Canada’s Foreign Policy Toward the People’s Republic of China: Continuity and Change Since 1949
Considering China’s political and economic rise, it is reasonable to argue that a sound foreign policy toward China is a necessity. Given China’s increasing economic importance to Western countries, many scholars argue that an antagonistic view toward China is counterproductive [(Dobson in International Journal 61:299–312, 2006), p. 306]. To better understand the challenges facing Canada in developing a new China policy, this paper returns to the roots of the relationship to understand the evolution of Sino-Canadian relations. The 45 years of this relationship is placed within a framework to explain the underlying causes of its evolution. Through combining contextual factors and path dependency theory this framework suggests that from 1970 until the new millennium, Canada’s prime objective was to encourage China’s integration into the international community. This paramount goal led to a cohesive set of decisions aimed at influencing China positively. Whereas Canada contributed to China’s opening toward the international community, the accomplishment of this goal in the beginning of twenty-first century has left Canada’s China policy in search of a new purpose.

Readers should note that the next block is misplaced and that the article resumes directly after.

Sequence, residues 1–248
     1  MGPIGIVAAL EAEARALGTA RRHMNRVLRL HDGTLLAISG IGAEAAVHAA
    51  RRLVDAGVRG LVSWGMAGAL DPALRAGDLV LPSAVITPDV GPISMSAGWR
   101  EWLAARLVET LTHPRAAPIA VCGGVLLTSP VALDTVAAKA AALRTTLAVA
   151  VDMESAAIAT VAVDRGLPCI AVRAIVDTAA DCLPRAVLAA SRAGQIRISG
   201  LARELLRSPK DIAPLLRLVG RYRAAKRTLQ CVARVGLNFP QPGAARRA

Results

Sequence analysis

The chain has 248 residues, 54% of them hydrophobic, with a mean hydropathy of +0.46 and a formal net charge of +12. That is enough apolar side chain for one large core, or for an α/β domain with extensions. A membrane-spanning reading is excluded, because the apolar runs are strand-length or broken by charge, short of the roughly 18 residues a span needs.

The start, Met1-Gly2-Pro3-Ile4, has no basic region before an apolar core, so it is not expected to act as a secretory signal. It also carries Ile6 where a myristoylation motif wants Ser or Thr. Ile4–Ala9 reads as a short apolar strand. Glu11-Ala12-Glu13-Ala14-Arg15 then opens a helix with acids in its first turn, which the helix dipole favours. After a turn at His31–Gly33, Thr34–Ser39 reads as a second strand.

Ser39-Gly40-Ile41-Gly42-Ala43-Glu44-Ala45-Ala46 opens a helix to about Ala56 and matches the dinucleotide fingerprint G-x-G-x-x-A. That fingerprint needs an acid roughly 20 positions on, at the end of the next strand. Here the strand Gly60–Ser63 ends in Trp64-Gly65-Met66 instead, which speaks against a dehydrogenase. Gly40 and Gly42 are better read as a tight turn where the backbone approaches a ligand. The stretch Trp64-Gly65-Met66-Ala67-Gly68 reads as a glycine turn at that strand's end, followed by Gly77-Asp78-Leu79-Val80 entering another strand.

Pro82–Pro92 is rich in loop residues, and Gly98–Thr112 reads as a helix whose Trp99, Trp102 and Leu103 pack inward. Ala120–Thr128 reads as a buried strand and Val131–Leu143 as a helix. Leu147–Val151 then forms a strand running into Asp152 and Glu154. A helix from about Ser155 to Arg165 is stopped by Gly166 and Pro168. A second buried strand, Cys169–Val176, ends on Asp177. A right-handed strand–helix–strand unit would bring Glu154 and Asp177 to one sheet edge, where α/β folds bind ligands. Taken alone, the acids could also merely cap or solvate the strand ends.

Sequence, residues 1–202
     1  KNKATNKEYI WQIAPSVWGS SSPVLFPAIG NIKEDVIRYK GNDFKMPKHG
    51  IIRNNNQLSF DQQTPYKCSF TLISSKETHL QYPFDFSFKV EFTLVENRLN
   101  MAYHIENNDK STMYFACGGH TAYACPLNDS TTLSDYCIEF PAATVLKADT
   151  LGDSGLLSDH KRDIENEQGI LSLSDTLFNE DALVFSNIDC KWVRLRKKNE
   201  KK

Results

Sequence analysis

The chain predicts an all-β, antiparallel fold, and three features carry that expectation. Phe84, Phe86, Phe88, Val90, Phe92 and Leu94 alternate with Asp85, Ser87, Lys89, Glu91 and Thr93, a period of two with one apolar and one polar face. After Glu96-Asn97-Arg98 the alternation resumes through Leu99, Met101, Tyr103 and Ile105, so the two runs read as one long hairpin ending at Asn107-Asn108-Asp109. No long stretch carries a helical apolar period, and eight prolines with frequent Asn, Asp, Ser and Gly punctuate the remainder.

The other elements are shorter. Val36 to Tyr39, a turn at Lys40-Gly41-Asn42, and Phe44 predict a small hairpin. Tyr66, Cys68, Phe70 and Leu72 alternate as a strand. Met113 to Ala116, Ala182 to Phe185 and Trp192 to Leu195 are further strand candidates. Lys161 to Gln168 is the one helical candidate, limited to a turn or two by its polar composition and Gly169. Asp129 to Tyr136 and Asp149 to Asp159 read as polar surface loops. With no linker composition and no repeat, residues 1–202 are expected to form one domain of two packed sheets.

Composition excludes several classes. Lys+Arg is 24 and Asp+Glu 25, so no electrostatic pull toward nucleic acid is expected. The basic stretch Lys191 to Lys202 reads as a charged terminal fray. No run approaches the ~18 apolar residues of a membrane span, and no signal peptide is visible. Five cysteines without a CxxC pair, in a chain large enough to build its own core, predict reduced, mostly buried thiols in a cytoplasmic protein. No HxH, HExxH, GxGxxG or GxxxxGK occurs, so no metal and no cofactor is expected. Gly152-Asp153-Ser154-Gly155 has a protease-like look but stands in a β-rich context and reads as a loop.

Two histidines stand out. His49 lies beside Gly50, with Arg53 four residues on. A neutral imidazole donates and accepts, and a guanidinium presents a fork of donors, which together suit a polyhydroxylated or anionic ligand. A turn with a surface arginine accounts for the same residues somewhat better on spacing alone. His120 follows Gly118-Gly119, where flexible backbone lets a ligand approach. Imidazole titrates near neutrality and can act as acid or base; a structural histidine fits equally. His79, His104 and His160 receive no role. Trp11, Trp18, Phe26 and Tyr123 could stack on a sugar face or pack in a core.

KeywordsForeign Policy World Trade Organization Critical Juncture Conservative Government Diplomatic Relation
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